Andrew Hickey: The Beatles in Mono
by David Lewis
This is one of the finest books on the Beatles I have read. In it, Andrew Hickey, has, with wit and insight, examined the Beatles’ re-releases and remastered songs. This means of course you don’t get a book as comprehensive as McDonald’s Revolution in the Head, but it has strengths that McDonald’s essential book lacks.
One of the things Hickey does is explain exactly why Ringo Starr is one of the great drummers. As he points out, the reason that the Beatles’ odd metrical songs work is due to the nuanced, subtle and skilled playing of Ringo. He is less complimentary on Ringo’s singing.
Hickey has an almost unrivaled knowledge of the recordings. He has a keen ear, and points out slips and errors that many have missed. For example, ‘Hey Jude’ should have been banned from airplay. Hickey tells you why, and, not just that, when you’ve heard it, you will never not hear it. I would add that the first voice in this incident, who he doesn’t identify, sounds to me like Eric Clapton, who was at some of the sessions (and who was conceivably part of the ‘na-na-na’ chorus). But I don’t know for sure.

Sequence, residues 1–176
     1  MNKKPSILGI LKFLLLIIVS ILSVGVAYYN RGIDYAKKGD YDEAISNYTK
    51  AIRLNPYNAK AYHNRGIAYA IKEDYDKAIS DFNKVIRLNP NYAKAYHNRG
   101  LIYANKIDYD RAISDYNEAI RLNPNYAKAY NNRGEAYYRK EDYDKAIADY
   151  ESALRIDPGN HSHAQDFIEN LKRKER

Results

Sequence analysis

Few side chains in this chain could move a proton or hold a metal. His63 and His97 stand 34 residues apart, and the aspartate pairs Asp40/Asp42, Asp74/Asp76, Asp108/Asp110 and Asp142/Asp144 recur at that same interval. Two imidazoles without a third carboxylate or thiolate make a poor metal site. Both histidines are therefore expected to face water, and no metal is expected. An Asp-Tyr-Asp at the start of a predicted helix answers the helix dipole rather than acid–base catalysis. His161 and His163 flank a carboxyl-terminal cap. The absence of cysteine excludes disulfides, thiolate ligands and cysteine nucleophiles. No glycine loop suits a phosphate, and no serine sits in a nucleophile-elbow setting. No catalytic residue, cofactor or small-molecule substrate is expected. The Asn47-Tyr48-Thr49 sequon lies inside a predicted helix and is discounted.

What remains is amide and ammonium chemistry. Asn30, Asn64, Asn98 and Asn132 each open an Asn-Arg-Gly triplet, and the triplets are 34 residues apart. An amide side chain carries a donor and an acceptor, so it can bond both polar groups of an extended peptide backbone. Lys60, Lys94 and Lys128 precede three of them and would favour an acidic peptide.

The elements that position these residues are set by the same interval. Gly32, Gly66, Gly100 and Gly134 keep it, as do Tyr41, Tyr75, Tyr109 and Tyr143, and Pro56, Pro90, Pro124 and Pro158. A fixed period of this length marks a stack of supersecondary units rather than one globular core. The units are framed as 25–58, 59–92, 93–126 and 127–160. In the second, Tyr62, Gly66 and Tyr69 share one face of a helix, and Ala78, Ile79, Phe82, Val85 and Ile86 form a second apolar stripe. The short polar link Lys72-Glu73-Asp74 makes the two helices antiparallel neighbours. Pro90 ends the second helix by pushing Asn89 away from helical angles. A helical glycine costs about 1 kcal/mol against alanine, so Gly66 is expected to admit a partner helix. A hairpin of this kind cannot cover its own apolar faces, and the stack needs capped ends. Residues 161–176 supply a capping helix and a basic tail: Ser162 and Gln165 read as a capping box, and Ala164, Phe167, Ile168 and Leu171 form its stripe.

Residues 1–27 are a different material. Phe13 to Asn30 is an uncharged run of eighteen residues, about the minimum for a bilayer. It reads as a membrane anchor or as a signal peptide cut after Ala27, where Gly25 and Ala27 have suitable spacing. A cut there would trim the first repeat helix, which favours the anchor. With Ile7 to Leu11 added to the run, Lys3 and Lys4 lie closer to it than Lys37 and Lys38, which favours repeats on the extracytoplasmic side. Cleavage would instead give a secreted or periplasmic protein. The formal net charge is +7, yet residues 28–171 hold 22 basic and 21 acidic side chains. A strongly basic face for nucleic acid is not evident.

Hickey also painstakingly points out the quiet genius of George Martin. More than anyone else, Martin was able to take the often vague arrangement ideas of Lennon or McCartney and actualise them. Hickey falls on the side of the pro-Spector side for Let It Be, explaining the tracks were substandard. Listening to Lennon’s bass on the song ‘Let it Be’, which I’d never done, demonstrates this amply.
Hickey is not blind to the faults of the Beatles. He dislikes every one of the Carl Perkins covers, and is not afraid to disparage a Lennon/McCartney composition. He praises though, where deserved, and will tell you why, say, ‘Strawberry Fields Forever’ is great.
The book originated from a blog, but has, apparently, been substantially revised from its original form. Nonetheless, it has some of the best qualities of a good blog – discursive, entertaining, witty. But, some minor typos and literals aside, it is a proper book. If you are a Beatles fan, or a fan of pop music, it is an essential purchase.
You can get it here